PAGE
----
Anyone tried haggis?

I’ve never had the opportunity, but I’ve heard it’s very good. It probably doesn’t have any weirder ingredients than hot dogs or regular sausage, if you think about it.

That durian thread made me think of it.

Yeah. Nothing special. Kind of an organ-meaty meatloaf. The one I had was seasoned with just salt and pepper.

Only out of a can. (Actually, I have one can left in the cupboard.) I’ve had Caledonia Kitchen, and another brand whose name I can’t remember.

Yes, it’s good. Leaves a greasy feeling in your mouth, but it’s tasty. Think ‘hot paté’ for something close.

I still need to work on the Spicy McHaggis sandwich. I’ll try a batter next time instead of breading.

I am a keen advocate of the haggis, having lived in Scotland for some time. There it is available in every chip shop (‘fries’ as opposed to ‘crisps’), which is considerably more convenient than carrying one home and boiling it yourself.

It has no “weird” ingredients at all - just some of the bits of an animal that any right-thinking omnivore ought to be eating anyway.

I thought it sounded awful - but I also thought it was delicious.

Closest think I can think of is sloppy joes - which I also love

Wanted to find a nice Scottish restaurant back in the states to get it over here - then found out it was illegal in the US.

I think that would have made it even better - knowing it was forbidden, but at the time I ate it I knew zero about it and only ordered on the insistence of my Scottish friend.

Yep, kind of like sausage with a little more pepper in it but not what you’d really call spicy. Scrapple is also a good comparison.

I’ve eaten it a few times with Scottish breakfasts over the years but didn’t think that much of it, until a hotel I stayed at in Edinburgh last fall served the best haggis I’d ever had–great dinner with neeps and tatties (turnips and potatoes).

Apparently you can’t sell “real” haggis in the US. :

This has lead, I’m told, to a black market in authentic lung-bearing haggis in the us, apparently among the die-hard Scotchophiles and the insane.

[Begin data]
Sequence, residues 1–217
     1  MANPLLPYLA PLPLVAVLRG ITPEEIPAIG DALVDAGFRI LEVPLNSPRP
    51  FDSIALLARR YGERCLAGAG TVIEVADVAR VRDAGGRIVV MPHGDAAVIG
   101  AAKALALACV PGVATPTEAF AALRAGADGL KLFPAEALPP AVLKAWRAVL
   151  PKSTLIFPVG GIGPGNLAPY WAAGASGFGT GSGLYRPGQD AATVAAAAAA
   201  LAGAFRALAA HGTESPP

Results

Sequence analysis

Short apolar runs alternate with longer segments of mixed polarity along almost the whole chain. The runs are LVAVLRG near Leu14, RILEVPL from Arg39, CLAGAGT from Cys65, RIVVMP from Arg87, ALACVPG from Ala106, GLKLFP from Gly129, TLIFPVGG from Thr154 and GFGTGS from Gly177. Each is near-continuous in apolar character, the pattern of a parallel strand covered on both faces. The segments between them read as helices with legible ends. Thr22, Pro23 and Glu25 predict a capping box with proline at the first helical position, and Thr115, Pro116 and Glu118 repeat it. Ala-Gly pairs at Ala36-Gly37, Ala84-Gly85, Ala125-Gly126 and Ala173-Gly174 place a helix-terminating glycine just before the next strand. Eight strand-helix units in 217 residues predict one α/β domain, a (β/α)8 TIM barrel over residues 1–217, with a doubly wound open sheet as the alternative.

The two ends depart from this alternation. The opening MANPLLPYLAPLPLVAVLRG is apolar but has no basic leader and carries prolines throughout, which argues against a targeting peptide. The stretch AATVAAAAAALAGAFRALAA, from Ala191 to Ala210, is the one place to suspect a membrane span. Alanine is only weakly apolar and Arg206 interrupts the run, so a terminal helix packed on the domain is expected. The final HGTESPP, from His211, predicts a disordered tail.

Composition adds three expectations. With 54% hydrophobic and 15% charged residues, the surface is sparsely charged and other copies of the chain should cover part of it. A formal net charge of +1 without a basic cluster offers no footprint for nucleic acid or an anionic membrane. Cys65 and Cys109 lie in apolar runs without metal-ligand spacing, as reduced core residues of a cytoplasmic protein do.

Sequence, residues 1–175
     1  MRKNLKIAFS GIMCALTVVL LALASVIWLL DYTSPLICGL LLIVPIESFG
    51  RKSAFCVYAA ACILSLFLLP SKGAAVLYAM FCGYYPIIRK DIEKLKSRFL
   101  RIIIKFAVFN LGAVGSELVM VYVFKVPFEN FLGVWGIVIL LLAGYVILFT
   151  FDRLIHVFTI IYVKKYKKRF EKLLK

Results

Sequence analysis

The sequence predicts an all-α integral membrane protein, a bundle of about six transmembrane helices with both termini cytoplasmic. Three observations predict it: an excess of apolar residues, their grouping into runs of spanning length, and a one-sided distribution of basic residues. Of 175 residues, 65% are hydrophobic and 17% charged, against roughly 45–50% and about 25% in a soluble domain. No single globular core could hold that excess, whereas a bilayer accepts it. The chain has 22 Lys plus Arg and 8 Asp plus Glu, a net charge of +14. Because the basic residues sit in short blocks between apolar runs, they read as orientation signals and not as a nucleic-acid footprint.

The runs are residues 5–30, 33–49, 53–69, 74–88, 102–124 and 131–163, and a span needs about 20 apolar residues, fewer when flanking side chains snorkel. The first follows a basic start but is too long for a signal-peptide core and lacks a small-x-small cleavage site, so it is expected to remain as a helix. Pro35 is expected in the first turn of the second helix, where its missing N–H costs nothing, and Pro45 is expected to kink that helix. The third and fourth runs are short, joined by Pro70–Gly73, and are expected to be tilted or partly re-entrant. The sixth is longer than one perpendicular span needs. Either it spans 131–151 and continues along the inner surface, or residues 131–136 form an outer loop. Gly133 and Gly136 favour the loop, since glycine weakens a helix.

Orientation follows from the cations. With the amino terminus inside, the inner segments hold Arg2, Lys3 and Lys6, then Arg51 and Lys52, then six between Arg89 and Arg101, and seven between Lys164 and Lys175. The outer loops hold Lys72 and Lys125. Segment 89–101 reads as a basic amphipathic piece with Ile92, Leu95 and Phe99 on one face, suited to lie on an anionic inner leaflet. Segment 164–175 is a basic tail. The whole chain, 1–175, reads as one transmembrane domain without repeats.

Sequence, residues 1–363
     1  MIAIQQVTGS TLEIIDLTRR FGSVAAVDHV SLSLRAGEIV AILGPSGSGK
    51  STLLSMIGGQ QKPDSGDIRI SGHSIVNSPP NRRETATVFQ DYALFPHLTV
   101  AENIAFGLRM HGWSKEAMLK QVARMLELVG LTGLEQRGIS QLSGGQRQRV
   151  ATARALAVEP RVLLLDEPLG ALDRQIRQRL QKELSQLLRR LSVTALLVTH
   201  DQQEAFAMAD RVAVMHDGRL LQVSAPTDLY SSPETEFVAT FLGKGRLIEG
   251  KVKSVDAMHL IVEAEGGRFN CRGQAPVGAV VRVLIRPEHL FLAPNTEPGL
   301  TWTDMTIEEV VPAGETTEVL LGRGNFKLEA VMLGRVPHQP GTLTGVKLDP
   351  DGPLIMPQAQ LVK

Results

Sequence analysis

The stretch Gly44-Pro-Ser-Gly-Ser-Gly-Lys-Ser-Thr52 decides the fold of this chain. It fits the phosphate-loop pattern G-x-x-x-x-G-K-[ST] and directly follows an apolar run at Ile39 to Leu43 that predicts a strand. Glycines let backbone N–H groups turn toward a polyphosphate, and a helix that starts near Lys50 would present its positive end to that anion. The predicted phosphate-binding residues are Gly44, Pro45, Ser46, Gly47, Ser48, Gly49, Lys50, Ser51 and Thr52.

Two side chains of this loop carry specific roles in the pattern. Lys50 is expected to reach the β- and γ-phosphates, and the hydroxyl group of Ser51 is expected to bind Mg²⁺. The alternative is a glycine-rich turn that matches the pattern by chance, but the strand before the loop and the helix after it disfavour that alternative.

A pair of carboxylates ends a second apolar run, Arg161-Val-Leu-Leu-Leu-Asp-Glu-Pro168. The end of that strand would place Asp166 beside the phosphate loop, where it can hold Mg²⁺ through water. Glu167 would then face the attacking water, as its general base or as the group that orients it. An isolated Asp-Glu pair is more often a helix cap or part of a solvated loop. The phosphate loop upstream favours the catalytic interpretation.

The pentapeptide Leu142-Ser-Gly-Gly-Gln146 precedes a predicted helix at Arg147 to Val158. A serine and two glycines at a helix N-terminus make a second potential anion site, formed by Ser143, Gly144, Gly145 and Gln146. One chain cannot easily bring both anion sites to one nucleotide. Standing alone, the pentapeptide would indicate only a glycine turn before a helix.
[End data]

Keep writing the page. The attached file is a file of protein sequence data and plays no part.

I haven’t tried it myself, although I’ve eaten various icky things and organ meats. The closest I’ve come in Scottish dining is eating Skirlie:

http://en.wikipedia.org/wiki/Skirlie

Amusing tidbit from my first cite:

“No wonder you couldn’t catch the Haggis! This is a Snipe bag!”

Skirlie sounds a lot like one of the ways my wife prepares buckwheat groats. She’ll use whatever cooking fat is available, but the fat from fried salo is preferred. She prepares millet the same way. Neither is icky, but neither is particularly interesting either.

Many Scots are skilled at gently pulling tourist legs with the “haggis is a real animal” thing. For instance, haggis are unusual in that the legs on left side of the body are longer than the those on the right, as they only traverse hillsides in a clockwise direction. :wink:

Hmmm - this sounds vaguely familiar…

But has anyone tried the haggis ice cream?

The haggis was the only native monotreme in Europe; once they became commercially extinct (in the 1840s) enterpreneurs developed the “Scotch Egg” to replicate the meaty taste of genuine haggis eggs.

I’ve had haggis in both restaurants here in Canada, and out of the can from specialty shops.

I love it. I tell people who ask that it’s just like a spicy sausage. And really that’s all it is.

Except, without the ‘spicy’.

I ate it when I was in Scotland about 20 years ago. I recall liking it, but can’t say it left any real lasting impression on me. (And yes I knew what it was before I ate it.)

Well, peppery then.

I had some in Edinburgh once upon a time.

It wasn’t awful it mostly tasted like really heavily peppered sausage with a vague organ-meaty flavor and sort of odd texture (the oats).

Honestly, the worst part of the whole meal was the “neeps” (mashed turnips) that came along with it. I think they were actually mashed rutabagas, since they were orange. They were horrid, dirt-tasting things. Ugh. The “tatties” were ok, although not the best mashed potatoes I’ve had.

Spicy liverwurst! It’s lovely stuff. I sometimes have it as part of a full British breakfast.

Gotta say, though, that it sits in your stomach all day long!

I’ve had it and it was just “ok”. Maybe if the person who made it was a better cook I might have liked it better.

I also tried it mixed with Scotch when I was told that it was the traditional way to eat it. That was just awful. A waste of Scotch and it ruined a perfectly mediocre haggis.